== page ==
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Researchers Look at VTOL UAVs & Wind Estimation Using a Learning-Based Model


Researchers Look at VTOL UAVs & Wind Estimation Using a Learning-Based Model


Vertical take-off and landing (VTOL) UAVs are gaining popularity day by day- used in spectra of industry segments ranging from urban photography to fire detection and control, and even agriculture operation amongst others.

Researchers Liyang Wang, Gaurav Misra and Xiaoli Bai at the Faculty of Geo-Information Science and Earth Observation (ITC), University of Twente, Netherlands with assistance from 3D Optical Metrology (3DOM) unit, Bruno Kessler Foundation, Italy are working on finding solutions to the challenges associated with the low accuracy of airspeed sensors in  (VTOL) UAVs which use airspeed sensors. These sensors such as pitot tubes similar to those equipped on fixed-wing UAVs aren’t always reliable however due to the rotor down-wash effect for rotary-wing VTOL UAVs if the airspeed sensors are deployed close to the propeller.

The paper presented by the research team includes experimental results that demonstrate the accuracy and robustness of the developed wind estimation algorithms under hovering conditions. If UAVs could measure or estimate wind during their flight the information could be used to enhance the control for a more robust and safer flight.

Coordinate system set up.

Coordinate system set up.


The scientists used a K Nearest Neighborhood learning-based method which does not require the details of the aerodynamic information. The proposed method includes two stages: an off-line training stage and an on-line wind estimation stage. Only flight data is used for the on-line estimation stage, without direct airspeed measurements. They used Parrot AR.Drone as the testing quadrotor, and a commercial fan to generate wind disturbance.

Most conventional methods solve the problem by using equations including aerodynamic models and wind field models. Such models need the details of the dynamics to ensure good estimation result. Human UAV pilots, when flying the UAV outdoor, estimate the wind speed based on their experience by watching the response of the UAV with respect to the wind and their controls. During this process, they do not use mathematical models and they do not have to determine the parameters.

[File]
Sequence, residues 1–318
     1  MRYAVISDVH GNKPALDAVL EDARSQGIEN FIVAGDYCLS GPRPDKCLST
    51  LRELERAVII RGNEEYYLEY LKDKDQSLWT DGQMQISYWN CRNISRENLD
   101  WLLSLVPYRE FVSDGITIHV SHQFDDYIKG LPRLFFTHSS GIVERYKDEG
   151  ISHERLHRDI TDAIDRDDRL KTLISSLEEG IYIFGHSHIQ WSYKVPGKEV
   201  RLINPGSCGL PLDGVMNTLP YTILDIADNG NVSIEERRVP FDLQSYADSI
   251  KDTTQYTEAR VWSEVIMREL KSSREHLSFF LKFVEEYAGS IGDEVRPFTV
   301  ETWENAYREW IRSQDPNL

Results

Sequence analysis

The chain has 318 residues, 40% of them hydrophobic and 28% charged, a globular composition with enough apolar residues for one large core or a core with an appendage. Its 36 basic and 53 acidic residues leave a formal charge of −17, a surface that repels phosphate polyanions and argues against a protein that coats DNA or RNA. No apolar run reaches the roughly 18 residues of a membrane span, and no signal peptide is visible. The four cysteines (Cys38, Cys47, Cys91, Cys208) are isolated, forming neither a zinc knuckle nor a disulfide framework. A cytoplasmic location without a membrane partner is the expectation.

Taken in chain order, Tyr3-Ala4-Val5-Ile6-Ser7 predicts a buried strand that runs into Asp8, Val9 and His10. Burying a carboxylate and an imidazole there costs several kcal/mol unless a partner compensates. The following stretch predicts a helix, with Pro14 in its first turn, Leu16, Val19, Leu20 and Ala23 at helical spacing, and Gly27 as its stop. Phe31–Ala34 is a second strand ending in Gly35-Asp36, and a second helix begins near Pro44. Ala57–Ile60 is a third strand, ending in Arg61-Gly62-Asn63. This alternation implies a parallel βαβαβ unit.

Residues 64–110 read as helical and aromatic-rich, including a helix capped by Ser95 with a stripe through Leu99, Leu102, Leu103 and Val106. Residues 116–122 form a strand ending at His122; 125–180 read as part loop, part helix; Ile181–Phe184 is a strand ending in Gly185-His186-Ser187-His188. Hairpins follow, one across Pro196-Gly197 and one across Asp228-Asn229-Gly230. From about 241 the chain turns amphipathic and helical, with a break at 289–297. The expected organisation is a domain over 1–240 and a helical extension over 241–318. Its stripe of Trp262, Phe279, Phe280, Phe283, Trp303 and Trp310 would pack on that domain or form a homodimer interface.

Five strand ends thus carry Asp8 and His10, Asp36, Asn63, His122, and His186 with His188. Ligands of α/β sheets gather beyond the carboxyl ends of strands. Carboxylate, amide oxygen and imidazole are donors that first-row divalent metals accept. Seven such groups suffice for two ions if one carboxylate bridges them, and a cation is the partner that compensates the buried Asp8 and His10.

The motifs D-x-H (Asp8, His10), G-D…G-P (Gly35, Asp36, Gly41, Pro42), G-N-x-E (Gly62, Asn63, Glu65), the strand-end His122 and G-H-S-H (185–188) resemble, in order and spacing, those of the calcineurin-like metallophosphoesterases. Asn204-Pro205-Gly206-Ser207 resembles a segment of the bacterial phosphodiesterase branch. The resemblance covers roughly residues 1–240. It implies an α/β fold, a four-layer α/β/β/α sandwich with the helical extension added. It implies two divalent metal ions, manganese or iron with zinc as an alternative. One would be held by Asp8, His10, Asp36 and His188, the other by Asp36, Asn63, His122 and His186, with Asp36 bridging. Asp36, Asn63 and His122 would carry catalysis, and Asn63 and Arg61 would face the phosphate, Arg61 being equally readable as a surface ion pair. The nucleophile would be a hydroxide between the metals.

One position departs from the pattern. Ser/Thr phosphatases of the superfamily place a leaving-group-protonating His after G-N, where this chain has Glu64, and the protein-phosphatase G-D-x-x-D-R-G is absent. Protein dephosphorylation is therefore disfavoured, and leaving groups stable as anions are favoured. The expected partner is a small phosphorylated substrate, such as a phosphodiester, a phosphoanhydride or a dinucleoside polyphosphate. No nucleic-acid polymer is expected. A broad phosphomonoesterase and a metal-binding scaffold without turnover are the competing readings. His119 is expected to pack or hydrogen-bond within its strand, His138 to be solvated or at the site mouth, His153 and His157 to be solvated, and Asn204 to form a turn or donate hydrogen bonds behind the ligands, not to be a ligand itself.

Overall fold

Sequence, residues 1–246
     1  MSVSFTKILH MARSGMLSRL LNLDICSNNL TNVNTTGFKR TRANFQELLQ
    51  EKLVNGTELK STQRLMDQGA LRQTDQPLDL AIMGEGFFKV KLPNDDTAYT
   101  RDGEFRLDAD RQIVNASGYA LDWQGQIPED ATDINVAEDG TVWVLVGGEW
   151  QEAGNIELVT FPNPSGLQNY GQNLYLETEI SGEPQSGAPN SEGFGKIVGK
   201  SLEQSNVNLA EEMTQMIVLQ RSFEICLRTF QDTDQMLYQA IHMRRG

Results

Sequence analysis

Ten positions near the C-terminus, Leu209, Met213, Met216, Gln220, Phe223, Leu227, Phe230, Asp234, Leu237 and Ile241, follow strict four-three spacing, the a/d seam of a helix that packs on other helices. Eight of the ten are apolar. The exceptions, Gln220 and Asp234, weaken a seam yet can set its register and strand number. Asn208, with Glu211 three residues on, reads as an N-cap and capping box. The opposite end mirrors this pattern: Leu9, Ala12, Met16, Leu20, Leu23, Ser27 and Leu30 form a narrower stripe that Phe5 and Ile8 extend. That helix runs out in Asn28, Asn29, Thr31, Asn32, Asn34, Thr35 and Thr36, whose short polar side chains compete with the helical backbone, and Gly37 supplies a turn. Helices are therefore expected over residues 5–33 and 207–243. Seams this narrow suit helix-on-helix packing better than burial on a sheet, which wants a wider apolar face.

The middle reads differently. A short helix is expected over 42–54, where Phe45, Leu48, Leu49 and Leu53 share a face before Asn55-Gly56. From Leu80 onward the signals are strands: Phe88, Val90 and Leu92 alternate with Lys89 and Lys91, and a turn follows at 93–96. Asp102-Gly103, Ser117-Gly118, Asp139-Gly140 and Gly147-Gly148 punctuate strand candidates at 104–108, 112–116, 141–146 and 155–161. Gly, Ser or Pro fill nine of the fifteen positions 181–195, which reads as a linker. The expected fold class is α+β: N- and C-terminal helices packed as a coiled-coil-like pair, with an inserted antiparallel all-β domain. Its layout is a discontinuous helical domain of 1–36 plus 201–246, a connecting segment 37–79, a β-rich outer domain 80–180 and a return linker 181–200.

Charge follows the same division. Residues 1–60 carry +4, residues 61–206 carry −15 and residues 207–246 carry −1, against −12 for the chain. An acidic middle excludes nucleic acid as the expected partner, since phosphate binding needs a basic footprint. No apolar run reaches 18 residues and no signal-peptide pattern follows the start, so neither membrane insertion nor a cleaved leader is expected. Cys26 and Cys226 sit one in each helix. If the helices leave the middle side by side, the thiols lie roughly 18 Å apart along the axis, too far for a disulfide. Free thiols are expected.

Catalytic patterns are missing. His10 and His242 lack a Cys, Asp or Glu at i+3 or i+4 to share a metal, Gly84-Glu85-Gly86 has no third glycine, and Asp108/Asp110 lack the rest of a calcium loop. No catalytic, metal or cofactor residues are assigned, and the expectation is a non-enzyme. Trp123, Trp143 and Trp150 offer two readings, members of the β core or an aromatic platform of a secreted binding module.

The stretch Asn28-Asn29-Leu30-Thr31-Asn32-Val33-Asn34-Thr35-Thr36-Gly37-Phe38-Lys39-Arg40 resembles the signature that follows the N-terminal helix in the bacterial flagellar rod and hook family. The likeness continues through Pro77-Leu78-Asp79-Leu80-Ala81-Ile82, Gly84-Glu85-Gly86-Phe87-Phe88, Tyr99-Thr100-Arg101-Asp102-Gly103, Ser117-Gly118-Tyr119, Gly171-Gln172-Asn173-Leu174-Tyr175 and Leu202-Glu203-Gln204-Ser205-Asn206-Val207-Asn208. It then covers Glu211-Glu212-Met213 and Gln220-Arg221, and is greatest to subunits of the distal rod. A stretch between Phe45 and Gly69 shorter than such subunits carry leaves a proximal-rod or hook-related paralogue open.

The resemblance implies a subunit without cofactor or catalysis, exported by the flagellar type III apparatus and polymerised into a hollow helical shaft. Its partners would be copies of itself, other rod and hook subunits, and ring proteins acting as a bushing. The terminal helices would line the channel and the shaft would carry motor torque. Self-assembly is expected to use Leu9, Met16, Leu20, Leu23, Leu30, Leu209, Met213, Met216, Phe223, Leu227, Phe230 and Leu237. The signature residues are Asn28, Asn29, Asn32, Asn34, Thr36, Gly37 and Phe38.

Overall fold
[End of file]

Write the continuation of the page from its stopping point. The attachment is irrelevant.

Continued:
Inspired by this fact, the researchers used a learning-based method for rotary-wing VTOL UAVs to estimate the wind speed under hovering conditions, where the UAV is programmed to hover at a certain point. The testing involved introducing the wind field of the fan first, then comparing the wind field estimation of the proposed method and the result from the AR.Drone. The way points were assigned over the seven positions, the drone was made hover at each position for 20 s. Then, the saved database was used as the model, and K = 11 chosen to calculate the wind speed estimations. At the same time, the wind speed estimation results of from the AR.Drone embedded system were also recorded.

The key advantage of the proposed technique is that it works in situations where the aerodynamic model cannot be developed accurately instead only position, attitude, and control information are used to extract features. Direct air flow measurement from airspeed sensors is not required, so the payload of extra sensors is saved. Results were compared with those from the AR.Drone embedded system, and the estimation results are found to be more robust and reliable.

Equipment and System

The setup included a micro UAV a quadrotor helicopter Parrot AR.Drone. It has an ARM Cortex A8 processor to handle control commands and other electronics on-board. For sensors, it is equipped with an IMU, a magnetometer, an ultrasonic, a pressure sensor, and two cameras. There are 4 control channels to control AR.Drone.

The system code was run on a ground computer and streamed commands to the UAV over a Wi-Fi connection. Experiment results show that the delay of Wi-Fi communication has little effect on the control performance at the low flight speeds. A commercial fan made by MAXXAIR was used to generate wind in the lab. An anemometer made by Extech was used to measure the wind speed.


Experimental results show that the proposed method can estimate the wind accurately, with a 0.074 m/s average estimation error, and a 3.3% average estimation relative error, while the average estimation error generated by AR.Drone’s embedded system is 1.673 m/s. In future, the researchers intend to focus on wind direction estimation, and optimal selection of the features related to the wind direction. Future work will aim to focus on validation of the proposed algorithm in an outdoor environment.

Citation: A K Nearest Neighborhood-Based Wind Estimation for Rotary-Wing VTOL UAVs – Liyang Wang, Gaurav Misra and Xiaoli Bai, Drones 2019, 3(2), 31; doi: 10.3390/drones3020031,

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Cite this article as: Vidi Nene, "Researchers Look at VTOL UAVs & Wind Estimation Using a Learning-Based Model," in, April 3, 2019,

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